IL-6 is produced by mammary epithelial cells and mononuclear cells of colostrum and milk [49]. This cytokine affects TNF-α production in the mammary gland, increasing its concentration in the colostrum and milk, as confirmed by the results obtained in the experimental group. IL-6 also influences differentiation of CD4+ T lymphocytes towards the Th2 phenotype and secretion of cytokines, mainly IL-4 [50]. This process is associated with impairment of Th1 cell differentiation, but does not directly affect Th2 cells. The high IL-6 concentration in colostrum in conjunction with the high IL-4 concentration in the experimental group suggests that the use of Bokashi preparation influences the differentiation of T lymphocytes towards production of Th2 cytokines. The anti-inflammatory effect of IL-6 consisted in stimulation of IL-10 synthesis, as demonstrated in the experiment. The high concentration of IL-10 in the colostrum of sows receiving Bokashi preparation shows that IL-6 is involved in modulating the immune response and maintaining a balance between Th1 and Th2 cytokine synthesis. Saito et al. [51] showed that IL-6 is also closely linked to local production of IgA in the mammary gland. This is confirmed by the results of our study, in which high concentrations of IL-6 and IgA were noted in the colostrum of the sows from the experimental group.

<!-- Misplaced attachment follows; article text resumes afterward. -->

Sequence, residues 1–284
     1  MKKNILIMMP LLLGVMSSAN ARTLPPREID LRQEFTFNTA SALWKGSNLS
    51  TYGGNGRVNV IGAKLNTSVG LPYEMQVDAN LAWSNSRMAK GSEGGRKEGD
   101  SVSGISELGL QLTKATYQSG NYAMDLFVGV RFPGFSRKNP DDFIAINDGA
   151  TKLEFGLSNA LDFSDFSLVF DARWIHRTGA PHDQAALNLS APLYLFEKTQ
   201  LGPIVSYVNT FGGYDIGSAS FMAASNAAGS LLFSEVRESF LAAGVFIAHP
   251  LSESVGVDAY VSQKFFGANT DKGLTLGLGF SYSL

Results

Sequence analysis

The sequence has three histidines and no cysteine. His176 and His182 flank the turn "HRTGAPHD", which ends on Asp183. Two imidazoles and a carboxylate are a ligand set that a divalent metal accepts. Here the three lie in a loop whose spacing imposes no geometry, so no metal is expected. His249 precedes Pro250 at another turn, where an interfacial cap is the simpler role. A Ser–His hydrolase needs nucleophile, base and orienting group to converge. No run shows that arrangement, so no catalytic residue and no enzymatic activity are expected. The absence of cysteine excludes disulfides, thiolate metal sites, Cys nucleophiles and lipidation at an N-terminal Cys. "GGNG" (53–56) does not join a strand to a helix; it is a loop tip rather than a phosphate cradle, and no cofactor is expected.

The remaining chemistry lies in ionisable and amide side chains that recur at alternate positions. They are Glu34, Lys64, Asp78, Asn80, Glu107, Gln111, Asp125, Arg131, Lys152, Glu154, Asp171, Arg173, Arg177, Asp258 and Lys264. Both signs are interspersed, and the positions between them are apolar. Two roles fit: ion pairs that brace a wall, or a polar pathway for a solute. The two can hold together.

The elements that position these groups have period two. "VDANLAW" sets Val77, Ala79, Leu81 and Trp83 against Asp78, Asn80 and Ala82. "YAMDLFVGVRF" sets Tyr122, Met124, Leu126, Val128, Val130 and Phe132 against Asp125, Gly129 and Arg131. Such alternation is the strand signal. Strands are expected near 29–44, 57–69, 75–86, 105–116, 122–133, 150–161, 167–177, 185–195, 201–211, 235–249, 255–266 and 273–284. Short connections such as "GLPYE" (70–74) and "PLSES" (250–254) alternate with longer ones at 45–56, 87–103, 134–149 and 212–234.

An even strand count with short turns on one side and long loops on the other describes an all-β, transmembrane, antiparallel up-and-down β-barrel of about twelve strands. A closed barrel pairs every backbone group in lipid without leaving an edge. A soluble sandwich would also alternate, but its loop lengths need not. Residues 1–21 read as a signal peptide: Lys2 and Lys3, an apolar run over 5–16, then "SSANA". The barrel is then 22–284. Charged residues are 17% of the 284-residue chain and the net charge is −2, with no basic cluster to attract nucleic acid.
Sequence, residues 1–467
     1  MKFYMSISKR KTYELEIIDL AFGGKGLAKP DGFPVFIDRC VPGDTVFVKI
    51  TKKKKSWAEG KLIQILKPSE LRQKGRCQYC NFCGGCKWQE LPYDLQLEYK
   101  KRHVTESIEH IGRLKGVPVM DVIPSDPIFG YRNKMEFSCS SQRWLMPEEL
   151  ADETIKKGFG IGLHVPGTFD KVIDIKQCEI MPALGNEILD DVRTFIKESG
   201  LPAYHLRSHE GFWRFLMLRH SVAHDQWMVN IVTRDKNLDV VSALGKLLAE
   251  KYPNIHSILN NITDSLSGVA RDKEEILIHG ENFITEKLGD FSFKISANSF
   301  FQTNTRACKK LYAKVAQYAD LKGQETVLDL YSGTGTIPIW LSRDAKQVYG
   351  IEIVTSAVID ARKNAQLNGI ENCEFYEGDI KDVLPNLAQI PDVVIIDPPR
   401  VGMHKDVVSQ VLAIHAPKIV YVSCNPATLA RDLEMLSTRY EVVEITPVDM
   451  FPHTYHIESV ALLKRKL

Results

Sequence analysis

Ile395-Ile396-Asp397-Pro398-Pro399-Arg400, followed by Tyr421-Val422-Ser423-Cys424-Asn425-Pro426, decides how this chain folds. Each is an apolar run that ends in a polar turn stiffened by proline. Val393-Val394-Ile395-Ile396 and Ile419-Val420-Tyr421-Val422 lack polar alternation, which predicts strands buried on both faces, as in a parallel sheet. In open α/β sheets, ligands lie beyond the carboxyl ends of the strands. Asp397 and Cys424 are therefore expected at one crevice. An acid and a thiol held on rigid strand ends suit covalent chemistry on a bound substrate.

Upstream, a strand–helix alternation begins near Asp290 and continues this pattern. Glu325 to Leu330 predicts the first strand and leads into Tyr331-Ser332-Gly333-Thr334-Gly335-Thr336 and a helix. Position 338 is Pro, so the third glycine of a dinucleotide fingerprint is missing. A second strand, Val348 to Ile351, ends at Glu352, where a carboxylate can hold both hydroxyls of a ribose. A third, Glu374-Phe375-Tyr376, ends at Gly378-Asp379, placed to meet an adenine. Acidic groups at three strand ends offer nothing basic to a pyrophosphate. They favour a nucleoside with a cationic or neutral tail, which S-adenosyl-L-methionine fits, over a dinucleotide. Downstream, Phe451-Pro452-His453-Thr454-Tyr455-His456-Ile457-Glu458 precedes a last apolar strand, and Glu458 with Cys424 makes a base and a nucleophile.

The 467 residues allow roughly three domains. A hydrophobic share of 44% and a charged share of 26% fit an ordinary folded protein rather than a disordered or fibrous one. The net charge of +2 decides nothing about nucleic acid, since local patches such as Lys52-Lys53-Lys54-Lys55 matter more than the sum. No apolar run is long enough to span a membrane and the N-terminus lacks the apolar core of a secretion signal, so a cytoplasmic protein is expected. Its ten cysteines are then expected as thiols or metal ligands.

The use of Bikashi preparation as feed additives for pigs also stimulates secretion of cytokines associated with Th2 lymphocyte activity, mainly IL-4, which activates the humoral immune response. Additional evidence of activation of this type of response is the high IL-4 concentration together with the high levels of IL-10 and TGF-β. The use of Bokashi preparation also stimulates B lymphocytes to produce IgG and IgA antibodies, as demonstrated in the experiment by the high levels of these antibodies in the colostrum and milk. Modulation of IL-4-secreting Th2 cells may lead to changes in the immune response profile towards Th0/Treg or Th1 [50]. The high level of IL-4 in the colostrum of the sows receiving Bokashi preparation in conjunction with the IL-10 concentration indicates that the probiotics had an immunoregulatory effect, which can lead to synthesis of Treg cells maintaining a balance between the Th1 and Th2 response.